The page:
The Abuse Deterrent Creep Is On; FDA Asks for Input on Stimulant Products

Not wanting to really say we saw this coming, but in a blog post in October 2014 (here), we postulated that the abuse-deterrent aspect of other classes of drugs that have abuse potential would likely be become targets as time passed.  In a Federal Register Notice (here), this prediction made in 2014 appears to be on the horizon.

While the Agency is in the investigative stages now, it is not likely to be long until it moves in the same direction as it has with the opioids.  The Agency notes in the FR notice that prescription opioid abuse has decreased, but it doesn’t mention that heroin abuse (along with the killer fentanyl) has also increased, and in a deadlier fashion.  There is no question that the U.S. is in a drug war that it is not winning; however, abuse-deterrent opioid products have not yet demonstrated that they are the answer to the problem.  The “whack-a-mole” attack on drug abuse does not seem to be working, and, for illicit drugs, that is a real problem.  The concerns we raised about the abuse-deterrent creep into other therapeutic areas of drugs with potential for abuse appears to be right around the corner.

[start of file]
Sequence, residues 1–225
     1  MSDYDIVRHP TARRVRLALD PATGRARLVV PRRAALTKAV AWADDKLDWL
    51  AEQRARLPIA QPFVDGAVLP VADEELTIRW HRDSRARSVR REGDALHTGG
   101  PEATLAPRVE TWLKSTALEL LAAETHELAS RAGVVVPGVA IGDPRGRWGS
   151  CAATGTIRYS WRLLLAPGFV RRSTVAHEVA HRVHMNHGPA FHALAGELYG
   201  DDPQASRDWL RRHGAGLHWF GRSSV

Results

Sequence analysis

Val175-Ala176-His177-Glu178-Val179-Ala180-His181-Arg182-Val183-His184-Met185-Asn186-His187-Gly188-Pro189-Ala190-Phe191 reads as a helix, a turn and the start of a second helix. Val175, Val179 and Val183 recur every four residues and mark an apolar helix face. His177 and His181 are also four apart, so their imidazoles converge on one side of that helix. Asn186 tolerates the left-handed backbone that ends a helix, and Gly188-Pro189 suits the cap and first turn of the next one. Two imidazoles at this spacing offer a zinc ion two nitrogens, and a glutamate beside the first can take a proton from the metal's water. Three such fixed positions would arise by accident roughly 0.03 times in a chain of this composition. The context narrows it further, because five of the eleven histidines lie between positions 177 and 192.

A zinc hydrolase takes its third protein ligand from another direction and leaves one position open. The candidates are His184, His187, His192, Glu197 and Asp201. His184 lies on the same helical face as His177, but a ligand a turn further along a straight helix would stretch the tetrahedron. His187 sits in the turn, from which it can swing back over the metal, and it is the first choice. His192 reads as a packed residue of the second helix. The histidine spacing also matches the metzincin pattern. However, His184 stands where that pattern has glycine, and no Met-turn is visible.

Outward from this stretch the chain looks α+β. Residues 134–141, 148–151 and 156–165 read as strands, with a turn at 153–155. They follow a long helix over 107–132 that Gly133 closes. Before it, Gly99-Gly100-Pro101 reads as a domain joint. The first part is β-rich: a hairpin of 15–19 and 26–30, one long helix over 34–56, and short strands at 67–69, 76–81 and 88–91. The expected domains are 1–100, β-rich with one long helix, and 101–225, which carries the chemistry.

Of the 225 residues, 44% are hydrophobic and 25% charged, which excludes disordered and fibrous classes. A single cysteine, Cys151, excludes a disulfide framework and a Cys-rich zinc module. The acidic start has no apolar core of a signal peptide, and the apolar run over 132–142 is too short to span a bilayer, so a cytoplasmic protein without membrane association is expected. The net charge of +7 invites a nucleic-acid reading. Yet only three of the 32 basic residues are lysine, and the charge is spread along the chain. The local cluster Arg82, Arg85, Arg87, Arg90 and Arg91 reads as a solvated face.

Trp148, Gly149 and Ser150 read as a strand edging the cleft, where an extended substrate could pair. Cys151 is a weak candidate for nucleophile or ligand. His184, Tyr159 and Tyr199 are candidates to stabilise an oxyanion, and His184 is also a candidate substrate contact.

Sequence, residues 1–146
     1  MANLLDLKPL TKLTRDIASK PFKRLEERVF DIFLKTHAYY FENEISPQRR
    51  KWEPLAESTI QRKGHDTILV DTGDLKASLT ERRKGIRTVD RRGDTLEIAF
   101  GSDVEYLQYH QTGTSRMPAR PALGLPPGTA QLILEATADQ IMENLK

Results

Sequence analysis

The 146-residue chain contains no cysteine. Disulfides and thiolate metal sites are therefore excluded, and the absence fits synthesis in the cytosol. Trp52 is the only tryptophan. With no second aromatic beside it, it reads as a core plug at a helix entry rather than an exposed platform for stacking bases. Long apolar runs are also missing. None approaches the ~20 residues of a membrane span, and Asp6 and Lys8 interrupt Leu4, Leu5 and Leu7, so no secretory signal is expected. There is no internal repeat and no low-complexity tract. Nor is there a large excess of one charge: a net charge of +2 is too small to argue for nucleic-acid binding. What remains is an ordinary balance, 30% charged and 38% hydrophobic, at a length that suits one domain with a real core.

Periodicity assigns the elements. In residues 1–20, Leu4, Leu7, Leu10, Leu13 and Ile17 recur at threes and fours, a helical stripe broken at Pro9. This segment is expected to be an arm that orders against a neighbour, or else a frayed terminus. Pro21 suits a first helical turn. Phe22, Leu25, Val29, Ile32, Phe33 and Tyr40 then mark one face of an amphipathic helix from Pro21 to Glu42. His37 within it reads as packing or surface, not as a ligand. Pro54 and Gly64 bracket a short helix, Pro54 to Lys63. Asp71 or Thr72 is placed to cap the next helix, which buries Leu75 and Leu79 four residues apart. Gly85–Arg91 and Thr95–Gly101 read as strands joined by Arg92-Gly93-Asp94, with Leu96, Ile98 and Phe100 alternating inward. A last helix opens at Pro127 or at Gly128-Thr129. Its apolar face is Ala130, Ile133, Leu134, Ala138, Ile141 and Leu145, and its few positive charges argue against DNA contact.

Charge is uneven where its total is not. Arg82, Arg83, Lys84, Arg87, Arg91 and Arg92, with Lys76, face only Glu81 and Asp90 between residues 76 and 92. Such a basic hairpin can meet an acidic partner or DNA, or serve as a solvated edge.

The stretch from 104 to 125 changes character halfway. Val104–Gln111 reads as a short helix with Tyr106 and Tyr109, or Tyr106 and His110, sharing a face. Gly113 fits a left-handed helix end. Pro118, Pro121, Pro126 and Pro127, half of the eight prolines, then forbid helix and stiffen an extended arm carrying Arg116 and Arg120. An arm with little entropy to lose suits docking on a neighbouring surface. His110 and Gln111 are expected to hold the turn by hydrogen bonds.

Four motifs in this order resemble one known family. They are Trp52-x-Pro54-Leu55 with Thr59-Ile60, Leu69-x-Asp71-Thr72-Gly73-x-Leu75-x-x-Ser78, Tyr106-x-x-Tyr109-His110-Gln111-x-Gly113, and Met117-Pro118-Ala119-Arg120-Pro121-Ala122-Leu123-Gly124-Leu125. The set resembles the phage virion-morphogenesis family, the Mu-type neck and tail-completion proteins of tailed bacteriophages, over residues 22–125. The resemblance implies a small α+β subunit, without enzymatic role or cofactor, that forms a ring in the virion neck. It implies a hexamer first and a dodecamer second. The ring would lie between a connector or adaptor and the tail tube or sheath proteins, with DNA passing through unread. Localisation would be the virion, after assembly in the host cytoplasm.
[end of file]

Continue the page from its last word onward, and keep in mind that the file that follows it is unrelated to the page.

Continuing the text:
Again, we caution that making drugs available to treat patients that need products for pain, ADHD, narcolepsy, or anxiety is essential.  And, in making them available, the FDA needs to take costs into consideration.  Once drugs that are not abuse-deterrent are removed from the market, to be replaced by (likely) patented abuse-deterrent products at a higher cost because the Agency believes they are “no longer” safe (as we have seen with a number of opioid products), it will make it harder for those patients who really need the products to treat a medical condition to afford them.

We are living with a daily news cycle that features prescription drug prices and how to get them down.  Care must be exercised in creating a playing field where generics wind up on the back burner (to date, there are no approved generic abuse-deterrent opioid products) and realize that cost for patients, insurance companies, and the government must be taken into consideration when implementing such strategies without the knowledge that they are actually achieving their goals.  Remember, the FDA’s job is to approve drugs that are safe and effective when used under the conditions approved in their labeling.

So, as the abuse-deterrent creep appear to move on, one can only ask what’s next – the benzodiazepines?  Use care, FDA.  Weigh the facts and be certain to consider the legitimate patient in the equation.